With an eye toward bridging the digital divide, The Loyalty Foundation joined forces with Jefferson County and other partners to provide computers to students in underserved communities in the region.
Fifty boxes with new computers were on display today in the County Commission chambers as the joint effort was announced. Commissioner Sheila Tyson is part of the effort, along with DC BLOX, an Atlanta-based data center provider in Birmingham’s Titusville Community.
The Loyalty Foundation, a New York-based nonprofit, contributed 25 Chromebooks through its Devices4All initiative. DC BLOX, which sponsored a computer lab at Memorial Park Recreation Center across from its data center, provided the other 25 through its community initiative.
“The Loyalty Foundation believes that technology is the great equalizer of the future,” said David Neeman, the foundation’s founder and creator. “In the future, you’re either programming the computer or the computer is telling you what to do. Technology education is imperative for all of our kids all over the country.
“The digital divide in this country is a terrible problem and has been magnified by the COVID-19 pandemic,” Neeman said. “Kids’ education cannot be cut short by a lack of access to a computer. The foundation’s mission is to ensure that all children, irrespective of race, gender or socioeconomic status, will have access to critical technology opportunities.”
Additional Hurdles for Needy Families
Tyson said society is encountering unprecedented times.
“Students are already suffering from economic circumstances their families are facing, and online learning is an additional hurdle for many,” she said. “Being able to provide computers to those families in need is a true blessing and helps offset some of the strain on families. I am so thankful for all of our partners in this venture.”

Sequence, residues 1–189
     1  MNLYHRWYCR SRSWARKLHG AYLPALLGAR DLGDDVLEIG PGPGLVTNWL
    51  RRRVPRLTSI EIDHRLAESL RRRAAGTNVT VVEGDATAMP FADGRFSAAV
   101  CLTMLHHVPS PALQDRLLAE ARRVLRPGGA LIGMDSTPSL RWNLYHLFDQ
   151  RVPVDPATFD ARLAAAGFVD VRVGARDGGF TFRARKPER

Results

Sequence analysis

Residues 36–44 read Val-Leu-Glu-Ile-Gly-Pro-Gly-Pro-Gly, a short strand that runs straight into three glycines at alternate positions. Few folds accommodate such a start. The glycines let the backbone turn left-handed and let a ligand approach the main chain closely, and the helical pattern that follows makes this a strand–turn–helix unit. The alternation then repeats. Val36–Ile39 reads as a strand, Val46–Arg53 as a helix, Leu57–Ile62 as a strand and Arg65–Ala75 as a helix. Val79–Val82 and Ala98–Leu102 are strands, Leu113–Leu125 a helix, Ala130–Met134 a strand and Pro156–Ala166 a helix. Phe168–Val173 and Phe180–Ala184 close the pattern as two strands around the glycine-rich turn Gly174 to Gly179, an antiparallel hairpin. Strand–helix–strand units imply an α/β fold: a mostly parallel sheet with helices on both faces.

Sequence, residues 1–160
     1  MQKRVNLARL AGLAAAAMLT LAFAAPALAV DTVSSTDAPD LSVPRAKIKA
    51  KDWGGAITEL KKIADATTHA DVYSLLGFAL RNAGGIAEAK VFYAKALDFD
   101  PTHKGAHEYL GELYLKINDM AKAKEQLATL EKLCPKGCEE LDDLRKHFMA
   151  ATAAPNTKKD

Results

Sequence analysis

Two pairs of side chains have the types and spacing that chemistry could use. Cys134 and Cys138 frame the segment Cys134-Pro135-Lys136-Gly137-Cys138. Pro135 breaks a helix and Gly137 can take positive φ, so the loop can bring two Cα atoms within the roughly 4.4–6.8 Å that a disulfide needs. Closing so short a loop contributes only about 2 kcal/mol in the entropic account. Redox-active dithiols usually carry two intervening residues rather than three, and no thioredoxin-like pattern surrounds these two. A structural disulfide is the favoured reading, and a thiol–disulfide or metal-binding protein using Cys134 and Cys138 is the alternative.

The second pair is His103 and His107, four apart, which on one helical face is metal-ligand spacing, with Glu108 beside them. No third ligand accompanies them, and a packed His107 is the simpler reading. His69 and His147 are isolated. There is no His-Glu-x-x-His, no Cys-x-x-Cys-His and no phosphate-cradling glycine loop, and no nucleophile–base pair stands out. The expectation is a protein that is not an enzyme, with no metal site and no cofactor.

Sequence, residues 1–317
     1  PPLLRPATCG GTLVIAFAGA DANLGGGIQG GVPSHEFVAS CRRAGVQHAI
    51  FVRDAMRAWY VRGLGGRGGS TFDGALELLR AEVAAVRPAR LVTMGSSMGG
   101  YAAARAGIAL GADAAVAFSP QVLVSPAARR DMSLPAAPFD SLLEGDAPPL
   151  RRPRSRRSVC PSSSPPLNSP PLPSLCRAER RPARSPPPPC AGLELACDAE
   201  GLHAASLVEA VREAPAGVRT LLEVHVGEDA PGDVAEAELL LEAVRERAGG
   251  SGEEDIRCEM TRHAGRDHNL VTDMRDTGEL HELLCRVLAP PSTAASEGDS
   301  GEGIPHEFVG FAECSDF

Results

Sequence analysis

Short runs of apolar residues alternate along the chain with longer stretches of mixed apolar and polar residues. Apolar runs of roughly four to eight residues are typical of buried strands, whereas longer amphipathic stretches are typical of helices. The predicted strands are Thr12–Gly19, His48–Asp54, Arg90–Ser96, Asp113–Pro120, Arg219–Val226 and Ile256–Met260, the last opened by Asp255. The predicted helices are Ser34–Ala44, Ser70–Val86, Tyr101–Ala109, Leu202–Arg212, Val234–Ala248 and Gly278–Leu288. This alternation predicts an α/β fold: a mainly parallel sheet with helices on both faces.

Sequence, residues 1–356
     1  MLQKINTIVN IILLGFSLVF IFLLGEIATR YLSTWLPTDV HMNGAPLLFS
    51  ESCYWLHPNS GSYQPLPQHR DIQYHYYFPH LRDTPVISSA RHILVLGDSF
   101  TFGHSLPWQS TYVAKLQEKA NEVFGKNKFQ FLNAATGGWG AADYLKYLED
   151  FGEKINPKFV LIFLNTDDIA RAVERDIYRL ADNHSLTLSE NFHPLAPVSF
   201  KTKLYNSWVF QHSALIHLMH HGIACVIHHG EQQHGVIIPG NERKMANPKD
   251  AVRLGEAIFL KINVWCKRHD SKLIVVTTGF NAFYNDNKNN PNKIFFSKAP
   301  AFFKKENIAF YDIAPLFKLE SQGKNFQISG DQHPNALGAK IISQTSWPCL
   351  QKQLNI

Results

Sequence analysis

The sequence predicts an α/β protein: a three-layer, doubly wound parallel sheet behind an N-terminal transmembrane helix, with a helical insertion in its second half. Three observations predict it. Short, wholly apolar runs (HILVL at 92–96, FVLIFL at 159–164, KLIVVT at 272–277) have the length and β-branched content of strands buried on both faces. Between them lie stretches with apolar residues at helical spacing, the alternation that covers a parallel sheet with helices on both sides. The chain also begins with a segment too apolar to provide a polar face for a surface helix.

DC BLOX CEO Jeff Uphues expressed excitement in the chance to partner on the project, calling it a continuation of the company’s commitment to local communities by providing resources and support for access to technology and education.
“The COVID-19 pandemic has laid bare the inequities we strive to address,” Uphues said. “We look forward to working with The Loyalty Foundation to impact other communities where we have a presence.”
Neeman said The Loyalty Foundation has worked hard to fill gaps around the country.
“What started in New York City has become a national effort,” he said. “After our conversation with DC BLOX, we were connected with Commissioner Tyson. Upon learning of the deep need in Jefferson County, we reviewed our fund allocation plans and moved quickly to secure devices for the children there.
“DC BLOX generously stepped in with a matching program, allowing us to immediately double the number of computers we could deliver and the number of children we could help.”
Tyson spoke of efforts to use the devices to help parents become more comfortable aiding their children in their education. She and others talked about training centers potentially being established at neighborhood recreation centers, sometimes relying on retired teachers to provide the instruction.
“This effort today is a blessing for some families as they face the challenges during a pandemic,” the commissioner said. “Even though some of the school systems offer computers to their students, (there is) still a gap with family members knowing how to use the computers. These are additional steps that will help serve families, plus with the partnerships, we will be able to offer additional help with the children with their education.”
Several school systems in the state also have run out of Chromebooks they had been handing out to students who are in virtual learning classes.
Tyson called the announced contributions a “pilot program” and said she hopes to secure more devices for the region. “Our goal is to get 1,600 computers to cover the whole county,” Tyson said.